January 11, 2011
OMAHA, Neb.Calcium carbonate delivered in chew form may have an advantage over other forms of the vitamin, at least in inhibiting a key serum marker of osteoporosis, according to a recent research report published Jan. 8 online ahead of print in the Journal of Bone Mineral Metabolism. Researchers from the Osteoporosis Research Center at Creighton University Medical Center, Omaha, tested different calcium sources (calcium carbonate chew, milk mineral chew, milk drink and placebo chew) using either serum measurement of cathepsin K, which is a indicator of osteoporosis, or direct mass spectrometry (dMS) profiling, which they said is promising for plasma biomarker discovery.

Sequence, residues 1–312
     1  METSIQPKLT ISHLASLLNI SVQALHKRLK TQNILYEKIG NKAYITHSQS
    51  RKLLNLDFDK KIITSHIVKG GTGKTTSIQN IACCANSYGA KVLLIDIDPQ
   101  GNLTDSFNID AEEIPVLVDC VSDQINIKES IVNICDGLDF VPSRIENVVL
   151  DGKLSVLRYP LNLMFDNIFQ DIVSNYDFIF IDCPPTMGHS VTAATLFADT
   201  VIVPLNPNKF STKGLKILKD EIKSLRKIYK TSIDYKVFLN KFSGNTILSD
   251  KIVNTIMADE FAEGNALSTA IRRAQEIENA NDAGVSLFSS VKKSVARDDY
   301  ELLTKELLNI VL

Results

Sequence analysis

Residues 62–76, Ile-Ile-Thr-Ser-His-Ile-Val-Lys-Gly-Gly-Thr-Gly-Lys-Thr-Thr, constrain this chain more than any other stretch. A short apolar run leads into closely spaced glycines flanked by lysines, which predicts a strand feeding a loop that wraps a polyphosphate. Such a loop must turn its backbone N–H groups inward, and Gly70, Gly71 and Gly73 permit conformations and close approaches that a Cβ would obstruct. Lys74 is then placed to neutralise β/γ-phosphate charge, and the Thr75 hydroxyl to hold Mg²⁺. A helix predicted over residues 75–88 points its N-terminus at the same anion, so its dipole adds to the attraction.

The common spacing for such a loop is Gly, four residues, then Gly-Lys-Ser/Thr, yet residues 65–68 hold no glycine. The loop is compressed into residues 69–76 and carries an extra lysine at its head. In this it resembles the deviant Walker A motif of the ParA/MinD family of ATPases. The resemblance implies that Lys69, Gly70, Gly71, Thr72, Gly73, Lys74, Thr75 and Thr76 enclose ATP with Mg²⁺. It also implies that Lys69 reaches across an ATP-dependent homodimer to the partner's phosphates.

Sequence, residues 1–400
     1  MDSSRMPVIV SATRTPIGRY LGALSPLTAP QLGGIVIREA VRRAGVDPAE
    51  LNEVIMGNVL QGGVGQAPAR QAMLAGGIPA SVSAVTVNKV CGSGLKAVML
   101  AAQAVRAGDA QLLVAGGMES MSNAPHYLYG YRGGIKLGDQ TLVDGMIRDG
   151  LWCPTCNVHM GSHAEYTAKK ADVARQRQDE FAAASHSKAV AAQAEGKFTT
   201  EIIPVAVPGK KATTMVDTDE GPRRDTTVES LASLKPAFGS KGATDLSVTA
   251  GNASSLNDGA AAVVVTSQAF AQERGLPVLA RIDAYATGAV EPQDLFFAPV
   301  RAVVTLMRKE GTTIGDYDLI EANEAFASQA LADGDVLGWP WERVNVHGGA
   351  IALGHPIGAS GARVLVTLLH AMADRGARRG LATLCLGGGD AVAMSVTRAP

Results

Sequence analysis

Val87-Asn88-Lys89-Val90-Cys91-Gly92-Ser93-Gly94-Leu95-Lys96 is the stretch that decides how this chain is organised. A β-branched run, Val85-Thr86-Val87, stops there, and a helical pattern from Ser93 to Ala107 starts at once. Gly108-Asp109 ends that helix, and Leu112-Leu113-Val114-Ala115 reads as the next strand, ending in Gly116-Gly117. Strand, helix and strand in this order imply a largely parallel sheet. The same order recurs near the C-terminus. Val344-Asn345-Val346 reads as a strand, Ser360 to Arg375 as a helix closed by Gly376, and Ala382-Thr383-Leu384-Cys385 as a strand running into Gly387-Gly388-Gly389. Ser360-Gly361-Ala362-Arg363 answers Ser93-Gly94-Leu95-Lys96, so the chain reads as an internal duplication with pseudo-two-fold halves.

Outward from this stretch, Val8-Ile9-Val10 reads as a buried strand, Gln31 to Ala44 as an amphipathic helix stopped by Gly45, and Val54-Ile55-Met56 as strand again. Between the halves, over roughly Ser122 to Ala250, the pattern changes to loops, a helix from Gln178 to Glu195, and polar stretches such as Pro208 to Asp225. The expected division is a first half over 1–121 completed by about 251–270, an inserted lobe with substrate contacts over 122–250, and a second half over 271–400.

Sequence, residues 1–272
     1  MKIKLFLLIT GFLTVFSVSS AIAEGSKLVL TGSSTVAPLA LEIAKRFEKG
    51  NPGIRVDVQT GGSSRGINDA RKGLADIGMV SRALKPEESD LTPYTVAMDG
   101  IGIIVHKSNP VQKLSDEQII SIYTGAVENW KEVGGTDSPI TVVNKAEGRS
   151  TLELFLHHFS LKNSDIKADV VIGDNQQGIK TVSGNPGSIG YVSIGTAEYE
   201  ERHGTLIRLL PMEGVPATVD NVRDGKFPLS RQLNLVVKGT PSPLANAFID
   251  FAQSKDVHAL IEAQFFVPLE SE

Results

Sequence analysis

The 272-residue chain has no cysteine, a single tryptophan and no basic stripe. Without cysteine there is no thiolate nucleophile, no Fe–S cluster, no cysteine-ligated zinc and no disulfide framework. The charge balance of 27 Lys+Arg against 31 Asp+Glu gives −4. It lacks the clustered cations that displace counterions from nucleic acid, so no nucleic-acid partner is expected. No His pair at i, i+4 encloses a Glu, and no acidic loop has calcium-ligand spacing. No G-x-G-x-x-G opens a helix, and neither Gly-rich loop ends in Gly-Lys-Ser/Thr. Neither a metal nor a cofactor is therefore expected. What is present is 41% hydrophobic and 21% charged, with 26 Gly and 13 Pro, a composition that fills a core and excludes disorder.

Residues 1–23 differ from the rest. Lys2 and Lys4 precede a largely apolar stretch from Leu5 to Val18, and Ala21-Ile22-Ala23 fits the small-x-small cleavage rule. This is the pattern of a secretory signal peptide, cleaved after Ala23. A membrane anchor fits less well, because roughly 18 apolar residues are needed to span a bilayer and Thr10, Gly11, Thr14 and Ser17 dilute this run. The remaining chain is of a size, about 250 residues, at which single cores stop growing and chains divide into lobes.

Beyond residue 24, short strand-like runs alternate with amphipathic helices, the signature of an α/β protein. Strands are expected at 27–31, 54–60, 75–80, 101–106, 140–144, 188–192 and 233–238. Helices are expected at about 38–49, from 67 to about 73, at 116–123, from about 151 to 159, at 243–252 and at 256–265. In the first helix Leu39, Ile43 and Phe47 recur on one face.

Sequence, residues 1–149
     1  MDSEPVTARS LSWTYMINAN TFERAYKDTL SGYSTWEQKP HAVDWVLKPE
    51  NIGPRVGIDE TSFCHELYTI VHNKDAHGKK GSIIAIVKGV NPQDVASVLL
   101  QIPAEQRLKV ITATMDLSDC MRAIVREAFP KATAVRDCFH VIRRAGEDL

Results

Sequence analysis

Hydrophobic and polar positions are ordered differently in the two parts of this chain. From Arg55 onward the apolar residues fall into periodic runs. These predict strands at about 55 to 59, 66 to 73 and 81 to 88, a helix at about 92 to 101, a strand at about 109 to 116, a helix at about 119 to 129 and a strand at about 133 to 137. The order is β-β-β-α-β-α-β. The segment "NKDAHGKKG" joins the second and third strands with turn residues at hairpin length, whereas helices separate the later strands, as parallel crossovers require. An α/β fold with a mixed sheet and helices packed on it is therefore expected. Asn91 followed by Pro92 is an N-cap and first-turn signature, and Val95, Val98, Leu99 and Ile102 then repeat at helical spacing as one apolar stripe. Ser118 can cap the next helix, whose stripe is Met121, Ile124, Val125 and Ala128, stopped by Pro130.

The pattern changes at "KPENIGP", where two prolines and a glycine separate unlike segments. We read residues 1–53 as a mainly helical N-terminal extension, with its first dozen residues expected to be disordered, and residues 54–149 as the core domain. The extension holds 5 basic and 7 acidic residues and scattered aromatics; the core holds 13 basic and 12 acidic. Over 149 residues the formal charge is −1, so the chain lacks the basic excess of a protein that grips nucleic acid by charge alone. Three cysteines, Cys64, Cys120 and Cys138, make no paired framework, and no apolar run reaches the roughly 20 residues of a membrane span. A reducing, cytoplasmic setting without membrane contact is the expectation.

The dMS tests showed characteristic ion peaks after different calcium supplement interventions, with ion peak 4281.0 m/z commonly inhibited by all treatments tested. Other differential peaks included 1786.5 m/z, which upregulated only after calcium chew treatment, 3504.7 m/z, which was upregulated after milk drink, and 3359.6 m/z, which was downregulated after milk mineral chew. Cathepsin K was only inhibited by calcium carbonate chew treatment.
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